Nationally, while it may vary in some communities, around 10 per cent of all products moved by each year by Canada's two major Class-1 Rail Companies are dangerous goods (Canadian National Railway and Canadian Pacific Railway, operate about three-quarters of Canada's rail network). These travelling bombs and toxic tankers can be spotted in our communities daily.  Over the last 25 years, Transport Canada has increasingly devolved the responsibility for, and management of, safety rules to the companies themselves; this is occurring at the same time as regulatory harmonization initiatives have been underway since NAFTA. Further, along with the Harper governments current cuts, "Transport Canada's rail safety division budget was cut by 19 per cent from 2010 to 2014 and frozen until at least 2015-16. The transportation of dangerous goods budget has been frozen since 2010." So, "this is the equivalent of one inspector for every 4,500 carloads of crude oil, up from one per 14 in 2009. By the end of this year, it will be one per 9,000 carloads."

Lets remember, in 2012 prior to the Lac-Magnetic disaster the president and CEO of the Railway Association of Canada (RAC), Michael Bourque, was saying in regards to the concept of regulations that:

"If today's commercial context is replaced with a regulatory framework, it could quickly erode that trust because information that is currently shared between railways and customers... A regulatory approach could stifle the innovative solutions we have seen from the marketplace, reduce supply chain efficiency and negatively impact Canadian railways and their customers. Any new regulatory approach will not replicate the commercial marketplace -- no matter how well it is written."

In response to last week's announcement, the RAC stated, "The rail sector believes rail tank cars used for transporting flammable liquids should be built to the highest standards. Today's announcement of a three-year phase-out for legacy tank cars marks an important step toward a fleet of cars that will enhance safety." I'm sure you can read between the lines here. While the painfully obvious step of having defined emergency response plans for crude by rail shipments is positive, it does nothing to address lowering the risk accidents in the first place with proper oversight and safety.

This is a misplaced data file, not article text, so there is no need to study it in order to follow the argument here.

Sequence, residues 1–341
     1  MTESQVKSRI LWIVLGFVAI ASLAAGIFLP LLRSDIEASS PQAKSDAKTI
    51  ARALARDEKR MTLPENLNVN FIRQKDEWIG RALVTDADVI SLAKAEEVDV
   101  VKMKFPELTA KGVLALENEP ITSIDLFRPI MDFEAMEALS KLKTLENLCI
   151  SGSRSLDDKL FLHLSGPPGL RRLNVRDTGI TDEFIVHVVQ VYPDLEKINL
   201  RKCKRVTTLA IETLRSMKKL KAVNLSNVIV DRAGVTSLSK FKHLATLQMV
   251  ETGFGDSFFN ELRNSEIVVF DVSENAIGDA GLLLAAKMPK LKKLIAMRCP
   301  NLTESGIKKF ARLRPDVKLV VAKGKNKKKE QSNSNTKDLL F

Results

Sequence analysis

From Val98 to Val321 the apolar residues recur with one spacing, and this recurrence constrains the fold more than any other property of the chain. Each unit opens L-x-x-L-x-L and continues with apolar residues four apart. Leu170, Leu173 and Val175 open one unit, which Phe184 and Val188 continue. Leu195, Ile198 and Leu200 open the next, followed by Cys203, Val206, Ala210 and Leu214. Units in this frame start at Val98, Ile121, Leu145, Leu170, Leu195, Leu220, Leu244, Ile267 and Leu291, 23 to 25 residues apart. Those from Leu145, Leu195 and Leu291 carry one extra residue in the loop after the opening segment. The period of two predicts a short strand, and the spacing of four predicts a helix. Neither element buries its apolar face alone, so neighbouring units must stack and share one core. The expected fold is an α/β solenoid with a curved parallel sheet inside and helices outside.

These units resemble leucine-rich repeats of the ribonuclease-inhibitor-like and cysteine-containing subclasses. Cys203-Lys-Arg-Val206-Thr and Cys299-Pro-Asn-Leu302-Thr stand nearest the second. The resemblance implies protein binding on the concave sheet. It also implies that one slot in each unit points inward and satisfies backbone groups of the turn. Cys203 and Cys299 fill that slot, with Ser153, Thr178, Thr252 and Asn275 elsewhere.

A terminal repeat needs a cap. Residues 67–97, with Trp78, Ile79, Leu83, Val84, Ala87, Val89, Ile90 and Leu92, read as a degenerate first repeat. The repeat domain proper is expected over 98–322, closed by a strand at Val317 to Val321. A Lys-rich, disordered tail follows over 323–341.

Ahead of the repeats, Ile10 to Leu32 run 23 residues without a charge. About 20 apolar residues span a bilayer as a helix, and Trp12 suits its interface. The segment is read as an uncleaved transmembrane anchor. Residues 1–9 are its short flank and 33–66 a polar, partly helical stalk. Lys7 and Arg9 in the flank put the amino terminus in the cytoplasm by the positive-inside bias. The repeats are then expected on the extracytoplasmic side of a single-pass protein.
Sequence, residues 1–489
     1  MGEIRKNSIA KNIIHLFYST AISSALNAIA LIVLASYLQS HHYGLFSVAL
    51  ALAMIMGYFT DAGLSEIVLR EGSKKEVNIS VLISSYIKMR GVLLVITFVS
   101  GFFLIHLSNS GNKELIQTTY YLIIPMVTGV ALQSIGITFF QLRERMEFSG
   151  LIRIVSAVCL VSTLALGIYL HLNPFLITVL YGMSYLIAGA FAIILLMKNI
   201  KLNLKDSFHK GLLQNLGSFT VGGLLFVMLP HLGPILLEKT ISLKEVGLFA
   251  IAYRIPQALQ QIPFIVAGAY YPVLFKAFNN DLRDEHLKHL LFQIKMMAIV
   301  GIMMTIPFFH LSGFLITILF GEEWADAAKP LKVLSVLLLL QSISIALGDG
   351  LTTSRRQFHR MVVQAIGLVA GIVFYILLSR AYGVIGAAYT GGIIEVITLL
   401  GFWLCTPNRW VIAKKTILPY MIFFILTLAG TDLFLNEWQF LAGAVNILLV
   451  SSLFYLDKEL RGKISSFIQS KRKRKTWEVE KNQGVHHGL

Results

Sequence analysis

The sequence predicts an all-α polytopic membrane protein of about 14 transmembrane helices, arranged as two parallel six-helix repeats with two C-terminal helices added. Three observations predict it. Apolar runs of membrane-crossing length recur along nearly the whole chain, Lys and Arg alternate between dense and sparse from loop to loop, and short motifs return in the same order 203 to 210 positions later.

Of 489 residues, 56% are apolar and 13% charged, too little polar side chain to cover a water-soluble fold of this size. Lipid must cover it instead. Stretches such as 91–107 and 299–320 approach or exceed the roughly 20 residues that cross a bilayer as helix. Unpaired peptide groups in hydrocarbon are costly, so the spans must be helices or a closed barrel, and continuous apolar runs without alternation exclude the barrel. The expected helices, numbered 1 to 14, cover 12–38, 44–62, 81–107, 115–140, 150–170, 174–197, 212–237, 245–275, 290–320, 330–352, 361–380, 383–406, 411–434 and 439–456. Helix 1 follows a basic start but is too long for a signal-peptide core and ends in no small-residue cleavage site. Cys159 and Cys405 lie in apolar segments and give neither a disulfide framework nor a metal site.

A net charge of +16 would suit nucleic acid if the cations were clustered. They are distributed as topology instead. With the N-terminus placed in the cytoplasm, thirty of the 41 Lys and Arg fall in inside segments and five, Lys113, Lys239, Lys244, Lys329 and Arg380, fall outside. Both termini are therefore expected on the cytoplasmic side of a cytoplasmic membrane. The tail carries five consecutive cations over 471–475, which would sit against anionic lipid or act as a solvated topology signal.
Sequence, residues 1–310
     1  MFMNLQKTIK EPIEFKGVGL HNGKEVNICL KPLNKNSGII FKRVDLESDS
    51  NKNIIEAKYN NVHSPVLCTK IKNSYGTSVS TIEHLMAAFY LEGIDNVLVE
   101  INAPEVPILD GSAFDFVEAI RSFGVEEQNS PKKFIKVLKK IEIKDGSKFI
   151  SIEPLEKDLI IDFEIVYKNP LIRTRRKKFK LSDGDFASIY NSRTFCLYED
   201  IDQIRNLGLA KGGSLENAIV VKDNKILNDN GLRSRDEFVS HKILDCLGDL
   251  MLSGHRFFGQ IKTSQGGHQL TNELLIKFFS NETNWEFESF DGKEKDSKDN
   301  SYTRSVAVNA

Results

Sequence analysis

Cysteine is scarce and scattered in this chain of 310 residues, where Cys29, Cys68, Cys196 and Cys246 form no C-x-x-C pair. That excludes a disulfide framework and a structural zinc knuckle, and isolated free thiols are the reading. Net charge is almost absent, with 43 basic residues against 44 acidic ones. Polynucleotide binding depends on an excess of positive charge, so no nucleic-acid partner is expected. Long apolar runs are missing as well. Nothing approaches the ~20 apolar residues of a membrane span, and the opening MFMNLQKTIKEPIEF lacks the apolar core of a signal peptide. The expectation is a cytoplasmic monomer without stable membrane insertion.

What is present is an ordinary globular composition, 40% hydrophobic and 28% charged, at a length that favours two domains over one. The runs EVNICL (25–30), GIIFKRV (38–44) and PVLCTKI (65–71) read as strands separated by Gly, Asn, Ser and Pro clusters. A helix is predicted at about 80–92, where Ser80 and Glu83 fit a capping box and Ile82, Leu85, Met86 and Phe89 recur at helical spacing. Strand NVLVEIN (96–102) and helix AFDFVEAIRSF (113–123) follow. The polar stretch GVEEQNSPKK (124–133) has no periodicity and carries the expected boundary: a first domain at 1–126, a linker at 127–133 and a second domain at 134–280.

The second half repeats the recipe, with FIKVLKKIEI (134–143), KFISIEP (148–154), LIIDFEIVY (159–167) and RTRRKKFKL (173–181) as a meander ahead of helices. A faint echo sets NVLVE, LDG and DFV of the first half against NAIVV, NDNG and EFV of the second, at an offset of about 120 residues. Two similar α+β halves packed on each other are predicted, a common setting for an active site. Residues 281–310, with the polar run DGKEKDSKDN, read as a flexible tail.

The minister talked about lowering speeds in some areas for unit trains carrying dangerous goods, but there was no talk of requirements for route planning and avoiding populated communities. Going around cities and populated areas might cut into the highly profitable rail industry's bottom line; they prefer the shortest routes possible and the Harper government is willing to roll the dice on your safety once again. Further, as noted previously, despite the fact that this hazardous freight continues to be shipped through many neighbourhoods across Canada, government and rail companies refuse to make this information public (citing "security concerns"), despite a community's right to know what is moving past their homes, schools, hospitals and daycares. If a community was able to know what passes by them daily, they would surely demand rerouting which would cost big rail and oil. Again, Lisa Raitt and Stephen Harper are playing their all-too-common role as shills for corporate interest groups.

Lastly, changes to insurance rates. The minister touts that the Government of Canada has invested $60 million to support response and recovery efforts in Lac-Mégantic and committed up to $95 million for decontamination efforts. The now-bankrupt rail company responsible for the Lac-Mégantic tragedy only had $25 million in insurance, while costs are expected to be close to $1 billion (with Canadians left on the hook to pay the rest). Why TSBC and the Ministry of Transportation approved this company with such alarmingly low insurance is still unclear, but I am sure you can guess what the correlation is. What most people don't know is that rail companies don't own the majority of rail cars; oil companies and private shipping fleets do, but until now had the liabilities. For years the rail companies have been looking for ways to ameliorate their already substandard insurance costs without facing lawsuits from fleet suppliers. Now, much after the fact and billions of public dollars later, they will likely be handed the leverage they want from the government. At the same time, even after a difficult winter season, the demand for crude by rail saw CP report a 16 per cent year-over-year increase, a net profit of $254 million in the first quarter, and revenue in the quarter rose to $1.509 billion. At CN, there was a 12.2 per cent increase, a net profit of $623 million in the first quarter, revenue in the quarter rose to $2.693 billion.

What's clear is that with this announcement we have the Harper government putting lipstick on a pig. The systemic issues and structural dangers with shipping oil by rail remain swept under the carpet until the next disaster and loss of life.

The Council of Canadians continue to support the call for an immediate moratorium on the use of DOT-111 cars for shipping oil by rail.